While the soup is heating up with the liquids, you can start the white sauce.  We start with a roux, combining butter and flour in equal parts. This is the basis to the sauce and it's very important to get them evenly combined with low heat. I use a wooden spoon. I think it is helpful and doesn't impart any extra flavors to this base.

You continue to stir until you have a nice smooth glossy mixture. You will see the color change slightly, more of a deeper yellow and the more you heat it you will see that it will start to pull away from the sides of the pan. You will also begin to smell this heavenly scent that goes from buttery goodness to a more nutty aroma. Keep stirring and then slowly add the cream mixture and then the salt.

The key with the liquids is to add in little bits and stir it in completely. If you go too quick you will end up with awful clumps. Honestly in this soup it won't matter as much because we will blend it into a bisque but you might as well master the roux thing. It's important to so many foods. Stir between additions of the liquid and then keep stirring on a low heat. You will feel the liquid begin to thicken as the flour does its magic.

Once you add this mixture to the soup we have going it's time to also add the Velveeta cheese. Now I know some of you are thinking that Velveeta cheese is the Devil. I am leery of it too but for melting, it just works. You don't want to put chunks of cheese in this concoction that just settle at the bottom. We want this smooth. Add the cheese and stir the soup to make sure it's all combined. I then put the lid on and leave it at low for about a 1/2 hour to really get those flavors merged.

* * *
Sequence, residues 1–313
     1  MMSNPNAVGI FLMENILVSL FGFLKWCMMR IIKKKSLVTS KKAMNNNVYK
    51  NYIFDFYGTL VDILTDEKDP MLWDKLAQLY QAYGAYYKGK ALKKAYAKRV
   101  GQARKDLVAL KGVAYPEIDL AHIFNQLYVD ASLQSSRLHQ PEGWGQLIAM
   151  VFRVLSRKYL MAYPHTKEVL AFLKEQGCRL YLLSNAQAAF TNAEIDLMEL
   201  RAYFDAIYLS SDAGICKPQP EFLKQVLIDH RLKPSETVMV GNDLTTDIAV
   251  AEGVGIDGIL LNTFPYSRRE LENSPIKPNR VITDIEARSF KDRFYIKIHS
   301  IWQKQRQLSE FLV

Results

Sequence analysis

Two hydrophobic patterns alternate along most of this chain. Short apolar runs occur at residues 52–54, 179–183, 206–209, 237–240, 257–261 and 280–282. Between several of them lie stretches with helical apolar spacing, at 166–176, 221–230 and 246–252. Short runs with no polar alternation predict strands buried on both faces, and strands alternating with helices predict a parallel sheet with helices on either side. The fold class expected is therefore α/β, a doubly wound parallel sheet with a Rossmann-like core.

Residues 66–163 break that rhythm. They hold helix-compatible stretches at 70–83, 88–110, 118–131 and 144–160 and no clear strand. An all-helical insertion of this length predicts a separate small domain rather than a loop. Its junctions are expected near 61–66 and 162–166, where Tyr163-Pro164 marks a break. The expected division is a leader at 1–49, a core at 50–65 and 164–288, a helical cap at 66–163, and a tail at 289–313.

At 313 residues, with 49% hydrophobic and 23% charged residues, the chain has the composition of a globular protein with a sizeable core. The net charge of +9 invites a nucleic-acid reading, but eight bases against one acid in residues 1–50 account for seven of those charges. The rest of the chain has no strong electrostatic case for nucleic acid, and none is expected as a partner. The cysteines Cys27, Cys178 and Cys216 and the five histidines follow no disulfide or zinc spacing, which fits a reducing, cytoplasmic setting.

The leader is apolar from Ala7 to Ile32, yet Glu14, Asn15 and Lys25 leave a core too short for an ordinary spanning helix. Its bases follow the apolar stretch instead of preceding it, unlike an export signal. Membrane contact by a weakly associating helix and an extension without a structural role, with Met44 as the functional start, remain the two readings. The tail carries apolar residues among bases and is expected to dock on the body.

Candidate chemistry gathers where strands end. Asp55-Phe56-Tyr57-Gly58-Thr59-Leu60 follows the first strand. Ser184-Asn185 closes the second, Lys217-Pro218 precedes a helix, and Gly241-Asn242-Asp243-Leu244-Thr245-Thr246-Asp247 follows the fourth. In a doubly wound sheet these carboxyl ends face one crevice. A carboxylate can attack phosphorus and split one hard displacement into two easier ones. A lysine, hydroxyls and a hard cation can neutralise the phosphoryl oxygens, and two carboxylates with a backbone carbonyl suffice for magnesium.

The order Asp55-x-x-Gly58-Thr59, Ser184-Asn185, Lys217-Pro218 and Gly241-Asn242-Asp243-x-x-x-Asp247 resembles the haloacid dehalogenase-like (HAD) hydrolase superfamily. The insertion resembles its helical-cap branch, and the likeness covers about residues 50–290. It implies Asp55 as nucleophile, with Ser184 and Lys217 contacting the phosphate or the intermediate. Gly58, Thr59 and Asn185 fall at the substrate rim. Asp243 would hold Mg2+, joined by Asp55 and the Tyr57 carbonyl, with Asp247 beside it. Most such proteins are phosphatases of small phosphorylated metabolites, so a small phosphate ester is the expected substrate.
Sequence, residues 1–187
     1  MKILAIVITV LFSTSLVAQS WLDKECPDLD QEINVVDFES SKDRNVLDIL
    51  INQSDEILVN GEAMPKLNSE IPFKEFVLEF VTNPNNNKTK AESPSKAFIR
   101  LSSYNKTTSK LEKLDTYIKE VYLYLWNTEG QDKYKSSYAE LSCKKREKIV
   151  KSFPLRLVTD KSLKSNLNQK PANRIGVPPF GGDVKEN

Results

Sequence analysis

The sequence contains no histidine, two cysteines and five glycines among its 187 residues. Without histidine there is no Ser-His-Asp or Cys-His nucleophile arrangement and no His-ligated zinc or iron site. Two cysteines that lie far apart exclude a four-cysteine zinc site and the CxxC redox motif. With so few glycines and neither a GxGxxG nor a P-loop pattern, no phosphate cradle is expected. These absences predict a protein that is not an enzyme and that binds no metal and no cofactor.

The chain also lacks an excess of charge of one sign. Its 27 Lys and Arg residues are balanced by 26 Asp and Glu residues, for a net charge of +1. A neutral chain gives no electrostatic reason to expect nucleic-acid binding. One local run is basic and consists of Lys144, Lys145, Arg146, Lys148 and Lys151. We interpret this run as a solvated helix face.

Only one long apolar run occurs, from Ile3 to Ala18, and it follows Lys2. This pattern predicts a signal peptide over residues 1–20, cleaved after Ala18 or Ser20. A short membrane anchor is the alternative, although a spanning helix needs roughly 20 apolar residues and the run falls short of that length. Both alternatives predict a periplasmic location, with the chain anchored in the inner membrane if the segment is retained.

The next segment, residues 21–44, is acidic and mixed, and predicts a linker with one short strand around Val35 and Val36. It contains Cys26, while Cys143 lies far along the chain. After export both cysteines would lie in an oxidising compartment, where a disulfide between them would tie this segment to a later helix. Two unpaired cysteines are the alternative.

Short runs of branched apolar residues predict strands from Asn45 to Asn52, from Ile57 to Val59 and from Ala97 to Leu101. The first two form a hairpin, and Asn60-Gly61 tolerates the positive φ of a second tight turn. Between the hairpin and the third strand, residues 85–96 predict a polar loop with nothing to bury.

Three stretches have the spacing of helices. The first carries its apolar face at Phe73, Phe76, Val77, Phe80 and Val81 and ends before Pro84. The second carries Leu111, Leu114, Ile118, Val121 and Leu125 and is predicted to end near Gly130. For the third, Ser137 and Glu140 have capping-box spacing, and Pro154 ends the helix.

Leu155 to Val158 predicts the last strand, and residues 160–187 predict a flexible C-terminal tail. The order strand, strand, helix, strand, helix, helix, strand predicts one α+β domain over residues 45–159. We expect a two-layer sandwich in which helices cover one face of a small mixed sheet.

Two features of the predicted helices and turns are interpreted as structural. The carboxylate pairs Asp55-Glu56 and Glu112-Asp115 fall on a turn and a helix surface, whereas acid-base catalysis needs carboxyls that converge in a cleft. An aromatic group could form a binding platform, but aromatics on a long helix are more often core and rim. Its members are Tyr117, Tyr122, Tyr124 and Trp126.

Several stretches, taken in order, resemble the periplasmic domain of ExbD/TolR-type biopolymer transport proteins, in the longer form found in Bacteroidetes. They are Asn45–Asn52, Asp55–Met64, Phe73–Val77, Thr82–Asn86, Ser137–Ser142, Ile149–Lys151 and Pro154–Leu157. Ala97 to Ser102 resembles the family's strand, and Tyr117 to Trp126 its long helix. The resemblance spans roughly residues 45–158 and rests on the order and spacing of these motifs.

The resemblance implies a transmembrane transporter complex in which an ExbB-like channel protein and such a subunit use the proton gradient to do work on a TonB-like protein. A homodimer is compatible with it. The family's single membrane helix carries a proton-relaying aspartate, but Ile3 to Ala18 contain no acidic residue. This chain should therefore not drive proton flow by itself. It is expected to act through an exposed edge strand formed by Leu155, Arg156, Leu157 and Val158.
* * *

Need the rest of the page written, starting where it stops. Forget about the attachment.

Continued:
Now if you choose, you can be totally done right now with this soup. It would be okay except that I wasn't real careful about my slicing and the onions will be haphazardly sliced and it will be chaos. You may not have the same issues as me. . .  But if you want to join the Bisque Bandwagon, you will need this extra step. . .

Please meet the Immersion Blender! Now I have done the old fashioned thing, taking my soup and putting it in batches in the regular blender or using the food processor. I don't mean to sound like an infomercial but that is messy and the liquid splatters and the gaskets don't hold it because of the steam and there is soup on my ceiling. . . Sigh, just buy an immersion blender. Stop the madness!

When you use the immersion blender you will make quick work of those onions and your soup will be velvet. Now I find that the blender does kick up some froth as you can see here but it will settle down. I leave the soup on low covered for a little longer. I suppose you could eat it frothy but that seems like a creamy onion milkshake and I'm just not interested.

Garnish the soup with shredded cheese and croutons, or bits of bacon. I do like a slice of brown bread with honey butter. That's pretty good too and it's more like Outback. I think I need Outback's bread recipe next.